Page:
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Lexin Mobi

It's a small web and mobile application for the Swedish dictionary.


Lexin Mobi provides a new, modern, and responsive user interface to the Lexin dictionary service. You can find some historical notes about the creation and first visuals of this application.

Lexin Mobi is written as a Progressive Web App (PWA) and can be installed and used on mobile devices or on desktops.


image image


Clone the repository on your development machine. To run the app, we have two approaches: native and Docker.

Whichever approach you choose, you can visit localhost:4000 from your browser, when you've successfully run the Phoenix server locally. See the details below.



You need to have Elixir installed and available in your environment.

The preferred way is to install the asdf utility: then it will be possible to use the same version of Elixir/Erlang/Node.js, which is defined in the .tool-versions file in the repository root.

Run a Phoenix Server

To start your local development server:

  1. Install dependencies with mix deps.get.
  2. Convert or use a demo dictionary file (see the section below in this README).
  3. Start Phoenix endpoint with mix phx.server or iex -S mix phx.server.

Docker & Docker Compose

Alternatively, you can use Docker and have nothing but an editor on your host machine to work with the project.

For the first time (or if you want to install/update dependencies), you need to run mix deps.get command inside the phoenix service container: docker-compose run --rm phoenix mix deps.get.

Now, we can run docker-compose up (to run interactively) or docker-compose --detach (to run in the background).

Check the docker-compose.yml file for details.


Straightforward way: mix test. (To run all the tests)

Advanced way: fswatch lib test | mix test --listen-on-stdin.

If you want to run tests automatically every time you save the files in lib or test directories – useful when focusing on writing tests.

Integration Testing

We use Wallaby and ChromeDriver to run integration tests. Read example code in our tests/integration directory or on Wallaby's documentation page.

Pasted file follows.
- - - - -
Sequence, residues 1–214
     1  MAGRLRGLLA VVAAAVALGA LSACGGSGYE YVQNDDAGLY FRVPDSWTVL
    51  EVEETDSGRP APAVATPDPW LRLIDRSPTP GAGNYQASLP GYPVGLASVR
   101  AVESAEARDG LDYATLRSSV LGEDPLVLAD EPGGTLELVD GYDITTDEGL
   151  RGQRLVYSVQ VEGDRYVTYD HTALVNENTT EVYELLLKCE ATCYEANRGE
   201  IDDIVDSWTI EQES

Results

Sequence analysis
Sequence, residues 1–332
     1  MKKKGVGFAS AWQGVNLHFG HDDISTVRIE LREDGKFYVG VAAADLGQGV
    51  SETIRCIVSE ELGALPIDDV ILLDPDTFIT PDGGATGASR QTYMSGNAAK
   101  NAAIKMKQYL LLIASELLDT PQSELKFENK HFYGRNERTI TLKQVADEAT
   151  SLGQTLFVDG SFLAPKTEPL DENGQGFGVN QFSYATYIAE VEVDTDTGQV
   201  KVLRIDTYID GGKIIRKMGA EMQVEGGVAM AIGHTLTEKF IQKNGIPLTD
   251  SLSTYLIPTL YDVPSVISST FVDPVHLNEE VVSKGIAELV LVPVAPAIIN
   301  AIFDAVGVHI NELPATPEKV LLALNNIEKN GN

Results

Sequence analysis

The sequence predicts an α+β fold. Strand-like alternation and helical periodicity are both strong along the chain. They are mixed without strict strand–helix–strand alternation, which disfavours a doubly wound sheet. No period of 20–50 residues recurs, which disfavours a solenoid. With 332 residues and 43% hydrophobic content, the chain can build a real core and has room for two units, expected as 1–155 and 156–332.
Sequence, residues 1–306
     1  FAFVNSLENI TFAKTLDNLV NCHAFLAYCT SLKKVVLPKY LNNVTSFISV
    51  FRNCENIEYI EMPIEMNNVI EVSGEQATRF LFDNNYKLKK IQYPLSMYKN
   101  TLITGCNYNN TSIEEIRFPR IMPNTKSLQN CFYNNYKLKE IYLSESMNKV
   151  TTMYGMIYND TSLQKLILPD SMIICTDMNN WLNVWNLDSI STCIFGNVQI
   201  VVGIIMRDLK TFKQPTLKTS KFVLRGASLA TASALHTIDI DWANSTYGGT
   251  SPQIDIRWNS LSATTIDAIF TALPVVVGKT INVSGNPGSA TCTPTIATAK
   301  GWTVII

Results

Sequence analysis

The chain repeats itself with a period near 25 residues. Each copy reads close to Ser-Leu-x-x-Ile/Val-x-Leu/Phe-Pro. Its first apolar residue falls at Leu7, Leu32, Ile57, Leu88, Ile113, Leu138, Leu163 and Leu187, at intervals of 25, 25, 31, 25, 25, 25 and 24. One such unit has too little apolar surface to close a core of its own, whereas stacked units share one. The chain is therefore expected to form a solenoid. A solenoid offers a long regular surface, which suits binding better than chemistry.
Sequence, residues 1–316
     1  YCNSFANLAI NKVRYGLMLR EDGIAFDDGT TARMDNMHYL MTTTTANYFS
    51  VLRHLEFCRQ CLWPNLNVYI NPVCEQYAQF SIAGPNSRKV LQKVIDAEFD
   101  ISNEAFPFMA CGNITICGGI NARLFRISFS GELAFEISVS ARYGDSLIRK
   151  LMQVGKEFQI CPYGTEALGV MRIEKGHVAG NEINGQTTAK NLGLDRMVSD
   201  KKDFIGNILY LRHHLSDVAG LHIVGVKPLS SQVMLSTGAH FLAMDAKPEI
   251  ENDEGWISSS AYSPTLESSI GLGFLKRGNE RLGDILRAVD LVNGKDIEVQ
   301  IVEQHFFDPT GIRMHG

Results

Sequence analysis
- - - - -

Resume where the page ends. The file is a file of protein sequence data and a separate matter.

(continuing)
When you're done with the development and the tests are green, we can run the release script. It compiles the app inside a Docker container, cleans it, prepares the runner image, and uploads it to the GitHub Container Registry.


Before Release Checklist

  • check or bump the app version in the mix.exs
  • ensure that .env and .tool-versions files are in harmony
  • run and check mix test for the last time

To execute a release, we can run this from the project's root directory:



GitHub Container Registry Login

If you see "unauthorized: unauthenticated: User cannot be authenticated with the token provided" error at the attempt to push the new image into the container repository, you might need to run this:

docker login --username cr0t
# use `--password <ghcr_token>` option to avoid interactive prompt for the token

You can generate a token at

To run the container, we must mount two directories (and configure corresponding environment variables): for dictionaries and for sitemaps, as these files are outside the release image. Check as an example.

Dictionary Files

To make this app work properly, we need to provide it with a directory with .sqlite dictionary files, which contain definitions data.

To run this app locally, you must create priv/dictionaries directory, then copy files from test/fixtures/dictionaries/ there (fixtures are extremely limited, and contain only ~7 words definitions).

You can request access to the original XML files from authors of the original Lexin service (check for the contact information). These files stored in the SVN repository, and we do not want to copy them here and store in this GitHub repository, as they might become out of sync.

You can convert all of them, or just a few selected ones.

It is important to name output files according to the list of supported languages options (see lib/lexin_web/live/components/search_form_component.ex). Our application filters shown list of languages according to available dictionaries it finds in the corresponding directory.

You might have a similar conversion sequence of commands:

$ mix run scripts/converter.exs --input dictionaries/swe_ara.xml --output dictionaries/arabic.sqlite
Resetting database...
Parsing input XML...
Inserting into SQLite...
22014 / 22014
$ mix run scripts/converter.exs --input dictionaries/swe_azj.xml --output dictionaries/azerbaijani.sqlite
Resetting database...
Parsing input XML...
Inserting into SQLite...
5539 / 5539
$ mix run scripts/converter.exs --input dictionaries/swe_eng.xml --output dictionaries/english.sqlite
Resetting database...
Parsing input XML...
Inserting into SQLite...
22013 / 22013

scripts/converter.exs uses XMLConverter, see more in the corresponding module.